The Beatles level of prolific output during the 1960s is hard to compare with any other contemporary artist. The Fab Four were a hit machine like the world had never seen before, or since, in fact, but not everything they released matched the high expectations of John Lennon.
Lennon was always a harsh critic, and The Beatle was always forthright when he lunged into a two-footed verbal assault on any contemporary who rubbed him up the wrong way. However, despite the barrage of barbs that he directed at other artists, there’s nobody that he slammed publicly as often as he himself and his own work.
Considering that The Beatles created a canon of albums that speaks for itself, the band earned themselves the odd moment that didn’t quite hit their lofty standards. After all, it wouldn’t be fair on other musicians if you left the studio with ‘A Day In The Life’ every single time.
In 1964, The Beatles were at their most commercial, and the demands of producing hit after hit saw them occasionally let that subconsciously arrive at the forefront of their creative focus. In a short space of a few years, they’d gone from playing to sparsely attended working men’s clubs in Liverpool to being the most talked-about people on the planet.
By this time, they were now not just musicians, but movie stars too, and according to Lennon, during this glamorous time, they lost sight of who they truly were. In his mind, ‘Eight Days A Week’ embodied The Beatles at their worst and a time when commercial success was the only thing that mattered to them and forgot about their artistic integrity.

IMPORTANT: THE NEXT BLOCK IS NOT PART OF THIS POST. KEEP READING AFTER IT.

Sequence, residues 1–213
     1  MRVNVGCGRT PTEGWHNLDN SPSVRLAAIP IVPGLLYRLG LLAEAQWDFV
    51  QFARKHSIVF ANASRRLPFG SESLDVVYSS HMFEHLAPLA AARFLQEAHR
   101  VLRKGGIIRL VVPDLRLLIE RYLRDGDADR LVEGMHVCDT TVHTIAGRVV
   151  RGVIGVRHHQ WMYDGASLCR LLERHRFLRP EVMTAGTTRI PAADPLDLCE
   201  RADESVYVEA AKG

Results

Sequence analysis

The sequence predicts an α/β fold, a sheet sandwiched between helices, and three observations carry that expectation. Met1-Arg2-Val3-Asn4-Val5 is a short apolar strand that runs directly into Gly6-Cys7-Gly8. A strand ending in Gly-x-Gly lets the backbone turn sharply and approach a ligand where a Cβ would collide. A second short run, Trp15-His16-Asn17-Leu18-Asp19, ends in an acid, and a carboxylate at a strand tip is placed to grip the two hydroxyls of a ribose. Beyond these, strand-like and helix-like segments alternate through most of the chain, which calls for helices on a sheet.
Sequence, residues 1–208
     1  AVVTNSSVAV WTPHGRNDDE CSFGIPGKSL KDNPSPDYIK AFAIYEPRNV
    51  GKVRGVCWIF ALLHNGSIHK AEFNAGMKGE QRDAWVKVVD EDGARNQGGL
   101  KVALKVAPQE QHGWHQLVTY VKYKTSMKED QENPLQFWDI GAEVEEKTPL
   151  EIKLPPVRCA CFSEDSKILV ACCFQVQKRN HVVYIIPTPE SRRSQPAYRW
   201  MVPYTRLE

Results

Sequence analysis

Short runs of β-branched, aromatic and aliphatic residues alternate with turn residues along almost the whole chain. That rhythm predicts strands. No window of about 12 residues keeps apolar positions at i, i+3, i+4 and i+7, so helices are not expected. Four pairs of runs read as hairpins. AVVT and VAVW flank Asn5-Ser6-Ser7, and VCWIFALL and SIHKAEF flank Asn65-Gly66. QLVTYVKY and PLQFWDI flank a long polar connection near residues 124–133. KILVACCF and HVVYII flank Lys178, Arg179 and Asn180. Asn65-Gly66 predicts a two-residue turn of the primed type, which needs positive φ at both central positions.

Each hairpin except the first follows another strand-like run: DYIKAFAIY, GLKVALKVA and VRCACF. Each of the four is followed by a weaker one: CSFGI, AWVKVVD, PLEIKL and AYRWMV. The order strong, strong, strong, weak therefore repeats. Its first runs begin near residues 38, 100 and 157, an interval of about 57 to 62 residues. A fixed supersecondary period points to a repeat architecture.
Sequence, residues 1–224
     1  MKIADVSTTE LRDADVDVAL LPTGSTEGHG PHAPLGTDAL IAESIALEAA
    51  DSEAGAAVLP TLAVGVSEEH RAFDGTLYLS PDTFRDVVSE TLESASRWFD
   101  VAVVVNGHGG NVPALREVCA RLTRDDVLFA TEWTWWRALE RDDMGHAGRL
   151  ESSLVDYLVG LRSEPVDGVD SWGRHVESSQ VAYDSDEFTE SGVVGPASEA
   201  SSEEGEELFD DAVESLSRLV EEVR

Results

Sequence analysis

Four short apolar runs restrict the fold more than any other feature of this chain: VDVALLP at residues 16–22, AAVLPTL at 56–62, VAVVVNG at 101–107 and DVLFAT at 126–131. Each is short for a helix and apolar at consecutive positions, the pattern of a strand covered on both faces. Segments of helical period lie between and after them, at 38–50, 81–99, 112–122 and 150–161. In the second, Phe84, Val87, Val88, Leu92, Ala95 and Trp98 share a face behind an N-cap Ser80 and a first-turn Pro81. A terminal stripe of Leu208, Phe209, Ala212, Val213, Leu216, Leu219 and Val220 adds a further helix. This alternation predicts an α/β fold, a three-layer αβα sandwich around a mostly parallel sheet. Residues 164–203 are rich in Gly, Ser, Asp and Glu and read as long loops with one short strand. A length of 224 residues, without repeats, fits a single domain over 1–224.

“Help! as a film was like ‘Eight Days A Week’ as a record for us. A lot of people liked the film, and a lot of people liked that record,” Lennon remarked in Anthology. “But neither was what we wanted – we knew they weren’t really us. We weren’t ashamed of the film, but close friends knew that the picture and ‘Eight Days’ weren’t our best. They were both a bit manufactured,” he brutally honestly stated.
Over the years, Lennon’s opinion on the track didn’t weaken, and his dislike for everything it represented only enhanced with age. During an interview with Playboy in 1980, shortly before his death, Lennon spoke about why he took no pride in the effort and went as far as labelling it “lousy”.
“‘Eight Days A Week’ was the running title for Help! before they came up with Help!” he revealed to the publication. “It was Paul’s effort at getting a single for the movie. That luckily turned to ‘Help!’ which I wrote, bam! bam!, like that and got the single. ‘Eight Days A Week’ was never a good song.
“We struggled to record it and struggled to make it into a song. It was his initial effort, but I think we both worked on it. I’m not sure. But it was lousy anyway,” Lennon added as one final kick to ‘Eight Days A Week’ as it already lies unconscious on the ground.
While few people would have ‘Eight Days A Week’ down as their favourite moment from The Fab Four, calling it “lousy” does feel slightly over the top, but then again, this kind of attitude is what made Lennon such a one-off. The single hasn’t aged quite as finely as others from The Beatles, but it’s still a charming pop song which most bands wish they’d written.